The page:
Exercise and how it relates to type I and type II diabetes.
Regular physical exercise has a beneficial impact on body composition, cardiovascular integrity, insulin sensitivity, and quality of life. All crucial points to controlling diabetes. Key guidelines for regular exercise in adults are: Adults should move more and sit less, some activity is better than none and every bit counts. For substantial health benefits, adults should do at least 150 to 300 minutes (2.5 - 5 hours) a week of moderate-intensity exercise OR 75 to 150 minutes (1.25 - 2.5 hours) a week of vigorous-intensity aerobic exercise OR a combination of the two. Adults should also do muscle strengthening activities on two or more days a week at a moderate or greater intensity involving all major muscle groups (6).
The prevalence of diabetes mellitus is rapidly increasing worldwide. The number of people with diabetes, between the ages of 20-79 years of age, will increase over the next 20 years from 415 million in 2015 to 642 million by 2040 (5). Majority of people have type II diabetes, but an important minority have type I diabetes. Health dangers for people with diabetes includes: Risk for stroke, heart attack, hypertension, kidney failure, blindness, lower-limb amputations, gum disease, hearing loss, nonalcoholic fatty liver disease, elevated LDL cholesterol (bad cholesterol), and mild to severe forms of nerve disease (4).
Type I diabetes is not a childhood disease, it occurs at every age, in people of every race, of every shape and size and accounts for only 5-10% of the cases (1). Type I diabetes is an autoimmune disease where the body's defense mechanism mistakenly attacks its own pancreatic cells that produce insulin, leaving the body depleted. Insulin is the hormone that allows glucose to move from the bloodstream into the cells of the body. When carbohydrates are consumed they are broken down into glucose and circulate in the bloodstream to be utilized for energy. When glucose is not being used for immediate energy it gets stored in the liver, muscles, or when in excess, as adipose tissue. Without insulin injections or exercise, there is no way for the body to regulate glucose in the bloodstream within normal levels. Exercise for people with type I diabetes, it’s very important to balance your insulin doses with the food you eat and the activity that you do, even if you are just doing house or yard work. Planning ahead and knowing your body’s typical blood glucose response to exercise can help you keep your blood glucose from going too low or too high. Self glucose monitoring is a good habit to practice (1).
Type II diabetes, formerly known as non-insulin-dependent and / or adult-onset diabetes, accounts for about 90% of diabetes cases and can happen at any age (5). Type II diabetes is when your pancreas is fully able to make insulin but your body does not use it properly. When there is an excess amount of glucose in the bloodstream, the body’s cells become unable to take up the extra glucose. The pancreas is still doing its job by releasing insulin but there becomes an abundance of it, over time the pancreas cannot keep up with production, the insulin becomes less sensitive and does not respond; this is called insulin resistance.
During exercise, the most important factors influencing fuel use are intensity and duration. Muscle glycogen provides plenty of fuel for working muscles, but as those stores are depleted with increased intensity, muscles increase their uptake and utilization of circulating blood glucose and free fatty acids (3). Colberg and colleagues note that the uptake of blood glucose on working muscles remains elevated for several hours, a very noteworthy benefit of exercise. Recent research has shown that resistance exercise is as important as, and perhaps even more important than, aerobic training in diabetes management. An increase in muscle mass resulting from resistance training can contribute profoundly to glucose uptake. However, a combination of aerobic exercise and resistance training is more effective for blood glucose control than either type of exercise alone. Physical activity of any intensity will provide acute effects by enhancing blood glucose uptake for glycogen synthesis and by stimulating fat oxidation (breakdown) in muscle. Colberg and colleagues add that current research suggests that longer-duration and more-intense training sessions elicit the best results for blood glucose reductions (3).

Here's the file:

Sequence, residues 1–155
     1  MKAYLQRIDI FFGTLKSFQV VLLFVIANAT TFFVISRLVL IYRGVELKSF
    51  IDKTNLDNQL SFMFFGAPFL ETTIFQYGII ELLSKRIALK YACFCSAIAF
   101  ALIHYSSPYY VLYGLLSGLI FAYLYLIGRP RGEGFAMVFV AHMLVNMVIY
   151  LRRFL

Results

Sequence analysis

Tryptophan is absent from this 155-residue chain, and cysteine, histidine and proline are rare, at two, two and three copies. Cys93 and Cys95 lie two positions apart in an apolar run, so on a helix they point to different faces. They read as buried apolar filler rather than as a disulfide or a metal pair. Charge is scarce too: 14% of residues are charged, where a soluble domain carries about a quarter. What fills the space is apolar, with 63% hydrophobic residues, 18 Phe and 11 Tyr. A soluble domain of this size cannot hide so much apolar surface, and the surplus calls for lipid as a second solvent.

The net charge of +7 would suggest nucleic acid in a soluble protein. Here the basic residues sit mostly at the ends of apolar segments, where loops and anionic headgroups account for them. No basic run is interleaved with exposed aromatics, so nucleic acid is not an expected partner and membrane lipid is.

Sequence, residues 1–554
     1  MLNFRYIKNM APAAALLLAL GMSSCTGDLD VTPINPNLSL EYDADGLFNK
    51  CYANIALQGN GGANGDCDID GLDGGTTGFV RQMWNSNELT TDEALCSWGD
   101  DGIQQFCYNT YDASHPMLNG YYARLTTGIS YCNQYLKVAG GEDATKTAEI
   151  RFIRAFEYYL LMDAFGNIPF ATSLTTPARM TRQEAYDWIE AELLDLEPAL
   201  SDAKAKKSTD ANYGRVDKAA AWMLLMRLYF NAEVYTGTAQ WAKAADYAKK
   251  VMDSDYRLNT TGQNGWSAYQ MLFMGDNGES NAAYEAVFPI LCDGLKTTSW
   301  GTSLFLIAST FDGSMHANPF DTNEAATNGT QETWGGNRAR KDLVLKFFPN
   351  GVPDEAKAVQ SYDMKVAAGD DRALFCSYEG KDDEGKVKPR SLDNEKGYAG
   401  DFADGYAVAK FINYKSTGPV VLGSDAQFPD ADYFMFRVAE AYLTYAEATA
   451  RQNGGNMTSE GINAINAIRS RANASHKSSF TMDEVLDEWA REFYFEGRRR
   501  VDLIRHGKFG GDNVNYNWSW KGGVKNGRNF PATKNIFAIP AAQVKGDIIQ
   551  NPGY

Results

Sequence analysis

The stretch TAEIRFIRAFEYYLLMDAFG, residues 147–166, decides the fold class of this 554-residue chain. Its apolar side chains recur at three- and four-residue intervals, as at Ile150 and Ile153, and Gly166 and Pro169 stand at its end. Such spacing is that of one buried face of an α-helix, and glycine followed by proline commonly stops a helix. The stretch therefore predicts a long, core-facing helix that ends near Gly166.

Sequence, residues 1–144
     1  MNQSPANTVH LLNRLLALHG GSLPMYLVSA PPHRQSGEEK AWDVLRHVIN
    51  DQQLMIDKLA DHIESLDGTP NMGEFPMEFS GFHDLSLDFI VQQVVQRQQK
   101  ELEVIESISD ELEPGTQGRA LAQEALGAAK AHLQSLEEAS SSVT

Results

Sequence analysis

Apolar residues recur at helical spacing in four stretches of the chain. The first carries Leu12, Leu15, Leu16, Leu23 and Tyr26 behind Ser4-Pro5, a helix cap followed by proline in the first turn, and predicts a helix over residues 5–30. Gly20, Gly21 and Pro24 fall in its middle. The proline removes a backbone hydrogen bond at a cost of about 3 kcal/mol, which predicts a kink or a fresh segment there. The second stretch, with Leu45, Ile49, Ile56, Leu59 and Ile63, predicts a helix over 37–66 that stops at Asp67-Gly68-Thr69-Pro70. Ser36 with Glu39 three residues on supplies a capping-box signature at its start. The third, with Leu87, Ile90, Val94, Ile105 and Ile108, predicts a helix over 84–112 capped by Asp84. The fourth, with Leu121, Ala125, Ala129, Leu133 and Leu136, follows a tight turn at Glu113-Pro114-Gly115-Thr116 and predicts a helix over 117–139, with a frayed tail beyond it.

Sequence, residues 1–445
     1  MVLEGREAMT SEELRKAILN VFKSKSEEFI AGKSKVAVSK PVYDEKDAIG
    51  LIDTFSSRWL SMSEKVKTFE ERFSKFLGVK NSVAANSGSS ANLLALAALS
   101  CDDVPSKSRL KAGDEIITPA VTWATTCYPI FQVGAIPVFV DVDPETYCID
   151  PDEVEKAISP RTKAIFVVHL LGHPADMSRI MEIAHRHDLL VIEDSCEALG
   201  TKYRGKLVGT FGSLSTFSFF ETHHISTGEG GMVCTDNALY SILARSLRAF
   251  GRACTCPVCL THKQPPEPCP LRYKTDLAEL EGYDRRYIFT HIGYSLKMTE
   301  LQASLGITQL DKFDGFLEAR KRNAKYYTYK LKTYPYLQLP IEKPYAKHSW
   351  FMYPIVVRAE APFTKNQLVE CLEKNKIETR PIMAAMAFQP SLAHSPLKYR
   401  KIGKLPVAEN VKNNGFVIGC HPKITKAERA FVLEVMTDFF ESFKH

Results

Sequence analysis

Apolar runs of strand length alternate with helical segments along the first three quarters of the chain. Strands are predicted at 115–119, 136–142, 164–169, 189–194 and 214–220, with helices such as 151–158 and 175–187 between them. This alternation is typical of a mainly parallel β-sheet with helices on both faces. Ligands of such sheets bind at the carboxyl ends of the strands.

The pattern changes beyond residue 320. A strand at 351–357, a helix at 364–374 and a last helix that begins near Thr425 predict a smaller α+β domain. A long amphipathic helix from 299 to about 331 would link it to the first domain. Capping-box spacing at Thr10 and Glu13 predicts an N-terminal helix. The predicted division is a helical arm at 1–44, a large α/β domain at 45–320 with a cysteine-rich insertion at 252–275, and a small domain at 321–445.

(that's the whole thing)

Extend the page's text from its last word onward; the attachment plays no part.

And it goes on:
Regardless of the type of diabetes you have, regular physical activity is important for your overall health and wellness. Exercise improves your cardiovascular and respiratory function, decreases blood pressure, increases HDL (good) cholesterol, decreases triglycerides, reduces body fat (especially intra-abdominal fat), reduces insulin needs, decreases risk of morbidity and mortality, decreases in anxiety and depression, increase feelings of well-being, enhance cognitive function and performance, and an effective therapy for for many chronic diseases (2).
Contact one of our personal trainers if you're looking to learn how to exercise with diabetes! Be sure to share this article with anyone you know who is a diabetic - they may just learn what they need to succeed! Thank you for reading!
Quinn Butler, M.S., CPT
(1) ADA. 2014a. Standards o f medical care in diabetes—2014. Diabetes Care, 37 (Suppl. 1), S14-S80.
(2) Benefits and Risks Associated with Physical Activity. American College of Sports Medicine.
(3) Colberg, S.R., et al. 2010. Exercise and type 2 diabetes. Diabetes Care, 33 (12), el47-67.
(4) IDEA Fitness Journal. Diabetes & Exercise: What Every Fitness Professional Should Know, Vol. 11, Issue 8, p.40-47; 2014.
(5) International Diabetes Federation (IDF), 2015, Diabetes Atlas, Seventh Edition.
(6) U.S. Department of Health and Human Services. Physical Activity Guidelines for Americans, 2nd edition. Washington, DC: U.S. Department of Health and Human Services; 2018.